And then we have the surveys that MDIFW paid ridiculous amounts of money for saying they wanted to make their management plans based on what “stakeholders” (including anti-hunters, environmentalists, and animal rights radicals) wanted and their perceptions of existing game management.

We can easily assume that all previous game management plans, including Maine’s Game Plan for Deer, became null and void after Responsive Management devised the outcome based, scientismic, Delphi Technique enhanced answers to rigged questions.

We also can only assume that the new 15-year deer management plan that calls for reducing the deer population, stopping counting game animals, and strive for hocus-pocus “healthy” deer is the result of the SURVEY! Wink-wink and Kumbaya!

What’s odd though is that spending a considerable amount of time read searching the published results of that Survey, I don’t recall any questions, concerns, or comments about “stakeholders” wanting to stop counting game, reducing game populations, and/or putting a focus on healthy deer rather than focusing on growing a deer herd that would provide better opportunities to hunt and to boost the success rate, which in turn would continue to keep interest in deer hunting stable or growing.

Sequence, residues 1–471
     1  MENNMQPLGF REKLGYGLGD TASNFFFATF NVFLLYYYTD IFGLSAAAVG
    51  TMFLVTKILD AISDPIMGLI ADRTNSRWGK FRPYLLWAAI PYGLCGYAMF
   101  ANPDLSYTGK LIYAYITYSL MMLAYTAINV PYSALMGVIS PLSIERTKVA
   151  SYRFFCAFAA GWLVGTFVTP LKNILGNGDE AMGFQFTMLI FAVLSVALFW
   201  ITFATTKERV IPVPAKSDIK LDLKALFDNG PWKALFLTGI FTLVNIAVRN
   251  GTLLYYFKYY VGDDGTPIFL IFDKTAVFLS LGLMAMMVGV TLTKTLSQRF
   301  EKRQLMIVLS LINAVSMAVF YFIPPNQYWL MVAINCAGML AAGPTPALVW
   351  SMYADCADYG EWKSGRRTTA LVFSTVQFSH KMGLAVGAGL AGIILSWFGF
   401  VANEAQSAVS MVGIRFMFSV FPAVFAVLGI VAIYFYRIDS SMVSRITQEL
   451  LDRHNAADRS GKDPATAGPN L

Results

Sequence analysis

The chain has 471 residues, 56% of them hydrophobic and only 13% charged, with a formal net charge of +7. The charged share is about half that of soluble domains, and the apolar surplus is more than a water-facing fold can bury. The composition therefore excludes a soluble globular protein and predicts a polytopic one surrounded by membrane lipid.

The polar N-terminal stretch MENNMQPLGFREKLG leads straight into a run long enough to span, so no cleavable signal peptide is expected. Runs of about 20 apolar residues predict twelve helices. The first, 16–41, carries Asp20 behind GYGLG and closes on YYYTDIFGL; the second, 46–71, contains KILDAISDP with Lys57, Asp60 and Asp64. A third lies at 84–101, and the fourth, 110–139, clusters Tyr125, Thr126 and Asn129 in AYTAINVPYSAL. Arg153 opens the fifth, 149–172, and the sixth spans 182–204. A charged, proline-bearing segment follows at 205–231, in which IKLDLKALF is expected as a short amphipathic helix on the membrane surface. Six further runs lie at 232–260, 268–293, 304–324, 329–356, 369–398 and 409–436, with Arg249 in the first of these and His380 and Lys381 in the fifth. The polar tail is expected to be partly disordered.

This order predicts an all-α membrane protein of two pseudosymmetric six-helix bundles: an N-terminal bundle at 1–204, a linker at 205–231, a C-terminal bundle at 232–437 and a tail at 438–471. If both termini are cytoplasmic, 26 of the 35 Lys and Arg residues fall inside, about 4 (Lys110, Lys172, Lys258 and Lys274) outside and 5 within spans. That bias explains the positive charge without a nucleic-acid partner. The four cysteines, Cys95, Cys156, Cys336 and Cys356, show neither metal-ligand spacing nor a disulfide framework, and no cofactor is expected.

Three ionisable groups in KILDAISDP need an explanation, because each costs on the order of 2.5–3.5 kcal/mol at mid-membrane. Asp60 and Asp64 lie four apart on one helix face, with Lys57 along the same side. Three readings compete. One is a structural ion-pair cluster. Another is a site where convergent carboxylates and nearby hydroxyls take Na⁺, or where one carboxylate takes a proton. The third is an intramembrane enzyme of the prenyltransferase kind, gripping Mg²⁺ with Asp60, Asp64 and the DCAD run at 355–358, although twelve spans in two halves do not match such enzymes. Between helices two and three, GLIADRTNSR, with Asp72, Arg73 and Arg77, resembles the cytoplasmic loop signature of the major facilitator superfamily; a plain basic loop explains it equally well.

Or maybe the new 15-year plan is newly devised to create just the opposite because that’s what Environmentalism and animal rights perverts, saturating the department, want.

So, why do we have a department of fish and wildlife? It’s all part of the rigged system. They waste money by devising wicked and worthless documents, convincing people they have our interest at heart, and evidently, we fail miserably in not seeing the scam.

MDIFW, like all government bureaucracies, is going to do just as they damn well please. First up on that agenda is to do what is necessary to keep fake biologists and game managers employed, at least long enough to collect a pension. The art is making the people think they are doing worthwhile, commendable work is a must.

Your government at work! Nice…real nice.

Maybe we need to develop a task force to look into this.

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Is Maine Really in the Midst of Deer Hunting Season?

I wonder if the Maine Department of Inland Fisheries and Wildlife (MDIFW) is ashamed or embarrassed that it is regulating and administering the state’s annual deer hunting season? – or any of the big game hunting seasons for that matter.